While there is a lot of talk — from the likely rumors about Jamal Crawford being moved out of Portland to the ridiculous ones about Rajon Rondo being moved out of Boston — there is not a lot of action, and it feels like less buzz than normal just a week before the NBA trade deadline.
Dwight Howard and the bottleneck behind his trade out of Orlando — or not — is certainly a big part of that. Kelly Dwyer explains it all very well over at Ball Don’t Lie. A lot of teams are keeping their powder dry waiting to see how the Howard situation plays out (and how that changes the market) then they will make their moves.
But there is another factor — March Madness.
Yahoo Sports’ Adrian Wojnarowski was on NBC’s SportsTalk recently (on the NBC Sports Network every afternoon at 6 ET — you should be watching this) and explained it this way:
“Because of the lockout the calendar got pushed back,” Wojnarowski said. “Usually the trade deadline is in February. What is happening now is a lot of the front office executives, almost all of them, they are going to be out scouting March Madness and conference tournament games. And it is harder to put together deals when you are scouting three or four games a day, and you need to crunch numbers, and really be at your big (draft) board.
“And because of that a lot of executives believe we will not see trades until right up against the deadline on March 15.”
There usually is a nice rhythm to things — All-Star Game, trade deadline a week later then NCAA Conference tournaments a week after that. But like so many things, the NBA lockout (and the desire of owners and players to cram in 66 games) has blown that up.
I still think we will see a flurry of trades this year, but with Orlando waiting until the last minute and March Madness, expect things to hold off until next Tuesday and Wednesday. Those days are going to be crazy.
When presumptive No. 1 pick Zion Williamson went to the ground, his knee twisting, early in Duke’s game against North Carolina Wednesday night, the basketball world collectively gasped.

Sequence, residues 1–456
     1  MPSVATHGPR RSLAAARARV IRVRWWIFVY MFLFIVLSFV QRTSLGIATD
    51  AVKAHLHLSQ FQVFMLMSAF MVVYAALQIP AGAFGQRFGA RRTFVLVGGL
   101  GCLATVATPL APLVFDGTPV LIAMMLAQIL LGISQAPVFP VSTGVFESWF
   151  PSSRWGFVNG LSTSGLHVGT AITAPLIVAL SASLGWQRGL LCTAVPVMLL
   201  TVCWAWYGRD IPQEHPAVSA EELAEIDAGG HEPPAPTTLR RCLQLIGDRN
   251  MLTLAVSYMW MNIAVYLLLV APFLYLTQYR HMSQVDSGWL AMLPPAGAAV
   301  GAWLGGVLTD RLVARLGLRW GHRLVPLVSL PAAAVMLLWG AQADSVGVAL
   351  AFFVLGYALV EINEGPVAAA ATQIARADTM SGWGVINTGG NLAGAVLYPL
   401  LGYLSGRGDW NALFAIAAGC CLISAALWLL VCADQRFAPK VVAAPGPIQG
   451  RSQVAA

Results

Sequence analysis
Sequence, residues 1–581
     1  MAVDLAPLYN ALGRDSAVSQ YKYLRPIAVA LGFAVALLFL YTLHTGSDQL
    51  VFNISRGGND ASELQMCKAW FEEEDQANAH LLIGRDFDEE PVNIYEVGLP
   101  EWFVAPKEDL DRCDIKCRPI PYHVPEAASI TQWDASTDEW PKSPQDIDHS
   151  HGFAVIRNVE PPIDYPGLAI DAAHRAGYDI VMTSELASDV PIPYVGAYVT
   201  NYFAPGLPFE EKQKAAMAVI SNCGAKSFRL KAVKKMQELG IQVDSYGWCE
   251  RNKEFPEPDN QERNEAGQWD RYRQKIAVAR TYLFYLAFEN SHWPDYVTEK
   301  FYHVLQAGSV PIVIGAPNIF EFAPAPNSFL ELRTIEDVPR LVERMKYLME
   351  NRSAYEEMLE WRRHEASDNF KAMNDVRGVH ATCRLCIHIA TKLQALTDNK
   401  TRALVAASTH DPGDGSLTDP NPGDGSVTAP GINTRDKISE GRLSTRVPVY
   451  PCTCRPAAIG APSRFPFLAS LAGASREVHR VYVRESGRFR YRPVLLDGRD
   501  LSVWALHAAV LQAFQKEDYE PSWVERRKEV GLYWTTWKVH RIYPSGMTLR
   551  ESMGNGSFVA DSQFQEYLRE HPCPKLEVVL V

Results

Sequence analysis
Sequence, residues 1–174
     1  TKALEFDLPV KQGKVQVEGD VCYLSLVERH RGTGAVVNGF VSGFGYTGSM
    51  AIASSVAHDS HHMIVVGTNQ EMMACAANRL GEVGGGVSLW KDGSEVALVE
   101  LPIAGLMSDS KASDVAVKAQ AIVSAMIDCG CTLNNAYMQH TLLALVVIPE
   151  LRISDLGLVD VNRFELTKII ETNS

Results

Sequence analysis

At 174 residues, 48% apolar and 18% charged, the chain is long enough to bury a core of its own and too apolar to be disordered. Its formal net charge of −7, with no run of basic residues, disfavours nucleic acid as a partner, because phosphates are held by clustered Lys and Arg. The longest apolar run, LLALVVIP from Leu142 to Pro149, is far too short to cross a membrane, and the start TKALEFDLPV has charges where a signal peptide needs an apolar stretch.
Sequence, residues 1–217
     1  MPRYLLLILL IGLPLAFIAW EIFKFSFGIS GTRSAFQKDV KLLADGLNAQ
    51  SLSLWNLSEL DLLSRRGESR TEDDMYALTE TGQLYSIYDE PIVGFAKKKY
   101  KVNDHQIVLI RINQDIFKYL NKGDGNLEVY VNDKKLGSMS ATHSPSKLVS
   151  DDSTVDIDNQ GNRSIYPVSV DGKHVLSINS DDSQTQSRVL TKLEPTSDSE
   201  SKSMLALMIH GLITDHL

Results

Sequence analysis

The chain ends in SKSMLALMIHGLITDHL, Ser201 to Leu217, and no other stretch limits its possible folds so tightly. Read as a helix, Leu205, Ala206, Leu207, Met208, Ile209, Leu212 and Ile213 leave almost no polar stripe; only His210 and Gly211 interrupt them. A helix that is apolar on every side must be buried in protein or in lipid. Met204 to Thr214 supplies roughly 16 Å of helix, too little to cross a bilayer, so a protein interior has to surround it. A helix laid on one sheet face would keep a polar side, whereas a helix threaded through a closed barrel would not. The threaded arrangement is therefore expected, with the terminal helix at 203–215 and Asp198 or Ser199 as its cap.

Former President Barack Obama was there and quickly recognized the problem:
It did, unquestionably. The 6-foot-7, 284 pound Williamson was wearing the PG 2.5 PEs (the Paul George signature line of Nikes), and when he made a hard cut the shoe gave out and Williamson went to the ground in a heap. The television cameras closed in on the busted Nike.
That’s not good press.
Fortunately, Williams suffered only a mild, Grade 1 knee sprain, and is day-to-day.
Nike released a statement to multiple media outlets that said, “We are obviously concerned and want to wish Zion a speedy recovery. The quality and performance of our products are of utmost importance. While this is an isolated occurrence, we are working to identify the issue.”
Nike stock dropped one percent on Thursday, although that level of fluctuation is not serious.
Bottom line, if this remains an isolated incident, Nike’s reputation — and position as the dominant force in basketball shoes — is not in danger. Fans and players will forgive one random incident. Have it happen again to a high-profile player and… Nike doesn’t want to find out.
“I think it’s wonderful what we’re seeing in the league right now, some of the rules changes we’ve made in the last few years that really focus on skill-based playing. I’d like to think that young people around the world are able to look at this game and say, I can be as great as my desire to dedicate myself to this game, especially when it comes to shooting and ball handling. I get it, you can’t dream about being seven feet tall, but you can dream about having ball-handling skills like Steph Curry.”
That was NBA Commissioner Adam Silver All-Star weekend in Charlotte, and television ratings and overall interest in the league back him up — NBA ratings have been largely rising for years, both on the local and national level. Fans seem to gravitate towards fast-paced, entertaining teams and games.
But not everybody loves it. Charles Barkley can lead the “get off my lawn crowd.” However, there is a role for throwback players in the game. Guys who would have thrived in the 1990s, or the 1960s. Boston’s Marcus Smart is one of those guys — he told Mirin Fader of Bleacher Report he wishes there was more physicality in the league.
“Back in the ’60s, ’70s, my mindset and the way I play would be perfect. They play like that every game,” Smart says…